root - October 10, 2023

Khayelitsha’s ‘Turf’ Transforms modern struggles into musical gold

Peter Luhanga 

 A Kasi Hip-hop and RnB artist has ventured into the kwaito music genre with a new album titled “the life waseMatyotyombeni” which translates to ‘life in the informal settlements’.

The Khayelitsha Site C resident Monwabisi Bence, 28, known by his stage name “Turf”, is gearing up to release his latest musical endeavor next month.

This exciting transition comes after Turf’s successful debut EP, “Sex Tape,” which dropped on Spotify just three months ago.

In “Sex Tape”, Turf says he delves into the complexities of modern relationships, shedding light on the challenges of dating and being in a relationship in today’s world. He says he writes about the pressures faced by men who often find themselves juggling the demands of their partners, which can include financial requests for nails and hair, while living in humble circumstances like leaky shacks during the winter months.  

“I embarked on my musical journey at a very young age, and initially, I was just mumbling my way through it. Lil’ Wayne was a significant source of inspiration for me during those early days. I think, at that time, it was mainly because of the allure of the women in the music videos and the extravagant lifestyles depicted. However, as I grew older, I encountered real-life challenges that shaped my perspective,” says Turf.  

Of his stage name, he says the inspiration came from watching “America’s Got Talent”, where he witnessed a talented dancer being kicked out of his home due to pursuing a career in the arts. 

He says he identifies with the struggle faced by many aspiring artists in South Africa, where societal and familial expectations often prioritise more traditional professions like doctors or lawyers. “The minute you say you are an artist, it’s a battle, especially within a black family and community,” he says.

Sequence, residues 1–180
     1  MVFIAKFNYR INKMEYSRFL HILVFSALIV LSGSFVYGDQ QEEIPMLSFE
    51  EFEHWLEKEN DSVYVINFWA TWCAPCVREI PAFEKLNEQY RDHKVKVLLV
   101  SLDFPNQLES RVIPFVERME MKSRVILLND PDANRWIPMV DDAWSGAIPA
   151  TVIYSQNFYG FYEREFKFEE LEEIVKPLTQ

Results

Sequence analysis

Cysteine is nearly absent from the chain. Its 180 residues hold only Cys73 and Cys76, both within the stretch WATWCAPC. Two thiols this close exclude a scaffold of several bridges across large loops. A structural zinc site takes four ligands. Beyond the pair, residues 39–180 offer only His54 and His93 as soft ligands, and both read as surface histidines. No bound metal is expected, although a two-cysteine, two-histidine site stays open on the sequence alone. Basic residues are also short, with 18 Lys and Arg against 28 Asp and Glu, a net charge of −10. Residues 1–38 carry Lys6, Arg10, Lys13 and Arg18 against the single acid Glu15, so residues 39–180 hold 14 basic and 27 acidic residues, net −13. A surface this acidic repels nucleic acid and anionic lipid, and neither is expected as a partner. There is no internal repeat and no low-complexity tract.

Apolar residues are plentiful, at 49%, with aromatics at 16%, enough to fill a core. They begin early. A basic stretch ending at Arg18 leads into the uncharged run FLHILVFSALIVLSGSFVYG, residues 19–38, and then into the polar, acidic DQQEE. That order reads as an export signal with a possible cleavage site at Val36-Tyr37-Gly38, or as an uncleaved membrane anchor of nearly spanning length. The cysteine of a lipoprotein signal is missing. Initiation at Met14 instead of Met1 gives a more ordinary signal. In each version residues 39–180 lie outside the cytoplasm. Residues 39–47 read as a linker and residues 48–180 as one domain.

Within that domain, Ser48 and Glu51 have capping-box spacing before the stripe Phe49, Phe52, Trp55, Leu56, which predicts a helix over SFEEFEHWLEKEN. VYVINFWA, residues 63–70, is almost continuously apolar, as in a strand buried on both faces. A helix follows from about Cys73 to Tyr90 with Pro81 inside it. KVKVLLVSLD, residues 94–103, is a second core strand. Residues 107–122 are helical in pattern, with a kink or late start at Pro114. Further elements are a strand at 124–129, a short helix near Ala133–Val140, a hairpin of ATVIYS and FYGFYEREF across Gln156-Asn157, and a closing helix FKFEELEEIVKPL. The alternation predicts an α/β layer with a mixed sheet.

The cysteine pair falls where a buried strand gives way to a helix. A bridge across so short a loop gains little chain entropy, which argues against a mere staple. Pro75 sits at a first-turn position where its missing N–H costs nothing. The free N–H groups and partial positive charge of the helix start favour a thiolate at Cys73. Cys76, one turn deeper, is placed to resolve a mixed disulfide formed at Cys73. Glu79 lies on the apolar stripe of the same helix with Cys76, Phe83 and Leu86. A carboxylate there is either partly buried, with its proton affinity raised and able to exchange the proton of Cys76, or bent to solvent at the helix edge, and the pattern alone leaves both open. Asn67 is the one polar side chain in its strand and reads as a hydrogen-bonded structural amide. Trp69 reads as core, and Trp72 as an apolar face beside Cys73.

After a three-year hiatus, Turf says he made a comeback to music production earlier this year. During the break, he says he was involved in dancing with the Imbewu Dance group. 

“When I took the break, I was driven by the desire to have a clear mission. If you want to pursue what you love, you need to understand where you’re headed with it. I aimed to gain more experience and face challenges head-on. If I create music, it’s with the intention that people can learn from it,” he says.

He says his latest EP contains four tracks and encapsulates how important it is “as people to tell our stories”.  

“Life in the slums exposes us to constant threats of crime: being robbed, attacked, or harmed anytime we step out of our homes. We’re even vulnerable to robberies by minibus taxis, and sometimes, the minibus taxi owners are unaware that their vehicles are being used for criminal activities. As artists, it’s our duty to narrate these stories. I find inspiration in taking walks through overcrowded townships, even though the conditions are squalid, with no proper waste removal services in place.”

He said even municipal workers are targeted when delivering services.

“Unfortunately, the authorities don’t seem to pay much attention,” he says. “However, if people could unite and speak with one voice, it could make a significant difference. I address all these pressing issues in my latest EP.”

One of his fans, Lubabalo Pupu from Gugulethu, says he is addicted to Turf’s music, which addresses the societal challenges faced by the youth and delves into the complexities of romance and relationships within townships. Pupu says many artists who produce songs in vernacular languages are often underestimated, but he admires Turf for his courage in continuing to sing in Xhosa. 

He says Turf’s boldness inspires him not to give up, and he believes that Turf’s music is relevant to people of all age groups.

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